• Has your business raised funds from investors, or have you issued dividends that have decreased your cash levels?

Analyzing cash flow statements and taking proactive action are two of your greatest chances for keeping your business’s cash flow healthy.

Your Main Priority: Tracking Cash Flow

Obviously, your business needs to take cash flow seriously, and improve it however possible without jeopardizing the rest of the business. Your first step, and highest priority, should be aggressively tracking your cash flow. Tools like Datapine’s finance dashboard are all-in-one platforms meant to help you track your company’s finances at every level, and they can help you keep an eye on your cash flow on a regular basis.

Depending on the size of your business, you’ll likely want to measure and report on cash flow on at least a weekly basis, if not a daily basis; that way, you can proactively identify key threats and/or opportunities, and capitalize on them before it’s too late.

Free Cash Flow vs. Operating Cash Flow

You should also know there’s a difference between free cash flow and operating cash flow. Operating cash flow refers to your cash flow on the basic level; how much money are you generating from product sales and paid invoices, versus how much money are you spending for employees, rent, and other typical business expenses. This is similar to calculating profitability, but only refers to realized income and expenses.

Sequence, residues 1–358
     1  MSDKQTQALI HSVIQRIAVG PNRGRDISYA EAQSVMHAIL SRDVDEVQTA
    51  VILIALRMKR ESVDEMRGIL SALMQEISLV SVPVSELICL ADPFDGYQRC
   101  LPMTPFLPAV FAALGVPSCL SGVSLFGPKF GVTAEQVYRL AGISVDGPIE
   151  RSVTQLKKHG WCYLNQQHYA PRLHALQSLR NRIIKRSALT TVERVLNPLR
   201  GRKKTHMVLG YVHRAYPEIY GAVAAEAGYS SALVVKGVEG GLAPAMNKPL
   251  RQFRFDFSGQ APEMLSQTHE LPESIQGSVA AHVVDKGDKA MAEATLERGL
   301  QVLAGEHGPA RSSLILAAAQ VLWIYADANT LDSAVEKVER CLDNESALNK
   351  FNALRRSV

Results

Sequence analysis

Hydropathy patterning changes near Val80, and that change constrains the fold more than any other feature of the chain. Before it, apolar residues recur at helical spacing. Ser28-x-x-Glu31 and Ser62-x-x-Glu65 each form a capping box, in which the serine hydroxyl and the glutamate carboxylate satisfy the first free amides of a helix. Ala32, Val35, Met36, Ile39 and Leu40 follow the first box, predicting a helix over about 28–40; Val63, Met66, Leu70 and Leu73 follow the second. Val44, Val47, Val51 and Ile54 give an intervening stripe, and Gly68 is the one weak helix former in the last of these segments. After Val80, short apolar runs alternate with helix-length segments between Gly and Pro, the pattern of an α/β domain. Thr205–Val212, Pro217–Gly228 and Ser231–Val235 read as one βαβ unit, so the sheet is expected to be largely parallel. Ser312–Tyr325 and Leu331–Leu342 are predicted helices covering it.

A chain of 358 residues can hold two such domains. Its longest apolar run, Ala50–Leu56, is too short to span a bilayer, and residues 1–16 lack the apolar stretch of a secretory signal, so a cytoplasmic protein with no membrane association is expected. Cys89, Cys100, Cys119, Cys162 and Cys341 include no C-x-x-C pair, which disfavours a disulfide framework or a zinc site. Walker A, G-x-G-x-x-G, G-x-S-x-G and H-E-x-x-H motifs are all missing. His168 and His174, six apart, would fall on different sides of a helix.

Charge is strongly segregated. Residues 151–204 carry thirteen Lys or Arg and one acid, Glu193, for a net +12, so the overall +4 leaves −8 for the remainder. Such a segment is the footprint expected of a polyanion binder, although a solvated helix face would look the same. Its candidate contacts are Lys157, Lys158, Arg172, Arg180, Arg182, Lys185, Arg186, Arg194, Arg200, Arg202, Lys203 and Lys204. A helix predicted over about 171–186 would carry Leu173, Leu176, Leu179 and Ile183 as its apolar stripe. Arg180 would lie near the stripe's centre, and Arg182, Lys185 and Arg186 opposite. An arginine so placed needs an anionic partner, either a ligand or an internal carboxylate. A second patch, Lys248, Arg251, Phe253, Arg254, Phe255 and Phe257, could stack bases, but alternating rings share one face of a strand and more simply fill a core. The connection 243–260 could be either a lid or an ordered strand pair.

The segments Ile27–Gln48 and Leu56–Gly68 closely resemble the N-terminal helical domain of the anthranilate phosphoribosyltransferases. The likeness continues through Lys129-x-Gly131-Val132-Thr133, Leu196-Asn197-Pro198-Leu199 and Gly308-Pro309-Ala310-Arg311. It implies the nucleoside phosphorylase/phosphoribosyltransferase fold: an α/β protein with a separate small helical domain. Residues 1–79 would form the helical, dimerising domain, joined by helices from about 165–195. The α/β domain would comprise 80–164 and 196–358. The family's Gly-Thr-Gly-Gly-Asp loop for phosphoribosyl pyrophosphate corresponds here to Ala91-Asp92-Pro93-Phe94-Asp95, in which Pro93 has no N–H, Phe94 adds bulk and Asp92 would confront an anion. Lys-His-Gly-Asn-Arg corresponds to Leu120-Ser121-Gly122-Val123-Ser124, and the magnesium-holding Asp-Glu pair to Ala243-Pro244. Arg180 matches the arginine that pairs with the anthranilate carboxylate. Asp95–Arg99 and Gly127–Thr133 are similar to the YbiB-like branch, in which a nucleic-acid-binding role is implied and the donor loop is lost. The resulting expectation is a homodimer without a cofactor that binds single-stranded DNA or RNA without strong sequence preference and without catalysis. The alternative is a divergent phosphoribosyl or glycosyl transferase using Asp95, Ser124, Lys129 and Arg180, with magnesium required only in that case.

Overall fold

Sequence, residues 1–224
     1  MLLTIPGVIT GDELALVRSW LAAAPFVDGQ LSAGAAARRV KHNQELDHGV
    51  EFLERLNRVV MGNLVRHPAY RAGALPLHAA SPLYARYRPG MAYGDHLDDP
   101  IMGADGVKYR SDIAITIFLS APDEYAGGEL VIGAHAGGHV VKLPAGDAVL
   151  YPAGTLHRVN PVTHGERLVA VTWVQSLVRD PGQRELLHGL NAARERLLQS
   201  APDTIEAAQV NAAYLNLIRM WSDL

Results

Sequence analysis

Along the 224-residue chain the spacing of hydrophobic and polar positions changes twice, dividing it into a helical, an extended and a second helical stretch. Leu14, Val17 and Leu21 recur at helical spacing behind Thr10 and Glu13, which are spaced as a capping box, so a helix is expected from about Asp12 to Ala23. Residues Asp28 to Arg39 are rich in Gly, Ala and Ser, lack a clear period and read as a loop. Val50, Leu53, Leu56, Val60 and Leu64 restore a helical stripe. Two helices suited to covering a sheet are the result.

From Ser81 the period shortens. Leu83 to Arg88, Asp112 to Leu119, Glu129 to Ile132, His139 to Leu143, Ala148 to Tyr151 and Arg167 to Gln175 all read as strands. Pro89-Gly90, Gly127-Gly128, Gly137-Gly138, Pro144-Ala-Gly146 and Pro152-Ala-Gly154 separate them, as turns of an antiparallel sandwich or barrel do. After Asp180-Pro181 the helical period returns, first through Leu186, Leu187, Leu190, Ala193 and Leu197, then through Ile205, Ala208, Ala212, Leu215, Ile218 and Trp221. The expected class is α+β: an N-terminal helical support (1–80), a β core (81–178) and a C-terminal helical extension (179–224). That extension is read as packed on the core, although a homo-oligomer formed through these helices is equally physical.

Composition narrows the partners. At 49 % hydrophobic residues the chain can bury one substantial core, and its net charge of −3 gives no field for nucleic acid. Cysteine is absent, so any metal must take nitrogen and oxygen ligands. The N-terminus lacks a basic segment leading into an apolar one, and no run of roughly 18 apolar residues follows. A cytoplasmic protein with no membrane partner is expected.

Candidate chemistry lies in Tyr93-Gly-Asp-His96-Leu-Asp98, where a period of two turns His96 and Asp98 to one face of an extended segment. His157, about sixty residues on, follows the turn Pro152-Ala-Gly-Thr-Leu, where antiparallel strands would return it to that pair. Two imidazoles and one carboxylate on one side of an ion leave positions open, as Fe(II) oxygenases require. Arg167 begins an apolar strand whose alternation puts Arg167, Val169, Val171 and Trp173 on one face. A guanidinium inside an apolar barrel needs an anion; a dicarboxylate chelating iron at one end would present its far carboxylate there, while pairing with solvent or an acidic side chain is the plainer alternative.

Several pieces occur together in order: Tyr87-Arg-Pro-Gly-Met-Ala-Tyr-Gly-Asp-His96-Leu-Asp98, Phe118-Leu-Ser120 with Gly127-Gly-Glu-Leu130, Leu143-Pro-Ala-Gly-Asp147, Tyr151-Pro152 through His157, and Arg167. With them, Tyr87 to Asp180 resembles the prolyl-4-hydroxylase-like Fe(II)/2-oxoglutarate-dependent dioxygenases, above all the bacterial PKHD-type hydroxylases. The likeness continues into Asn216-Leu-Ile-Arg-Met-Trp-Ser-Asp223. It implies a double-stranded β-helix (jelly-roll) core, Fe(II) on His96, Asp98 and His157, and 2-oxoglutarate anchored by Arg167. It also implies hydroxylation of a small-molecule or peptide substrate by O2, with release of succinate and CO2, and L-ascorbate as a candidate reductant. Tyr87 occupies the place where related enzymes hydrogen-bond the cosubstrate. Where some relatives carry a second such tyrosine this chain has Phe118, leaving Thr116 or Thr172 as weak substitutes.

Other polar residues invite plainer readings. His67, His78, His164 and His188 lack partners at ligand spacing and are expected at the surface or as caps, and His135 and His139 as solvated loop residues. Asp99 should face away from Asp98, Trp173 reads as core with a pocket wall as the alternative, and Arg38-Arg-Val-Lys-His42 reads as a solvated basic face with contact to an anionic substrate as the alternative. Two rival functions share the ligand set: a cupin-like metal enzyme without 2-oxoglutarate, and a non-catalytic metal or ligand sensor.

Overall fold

Free cash flow, by contrast, includes dividends and investments in your calculations. Free cash flow takes your operating cash flow and subtracts dividends you’ve issued to investors or owners, and represents a truer indication of your financial position.

Increasing Cash Flow

Generally speaking, a higher, more positive cash flow is better for your business. There are several strategies you can use to keep a positive cash flow:

Designate a cash flow manager.

It’s much easier to keep an eye on your cash flow and take action when necessary if you have someone directly responsible for it. Rather than waiting to look at your financial statements until the end of the month, or trying to do everything yourself, designate someone on your accounting team to be specifically responsible for overseeing and managing cash flow. This doesn’t have to be their only responsibility, but it should be one of their main ones.

Limit expenses.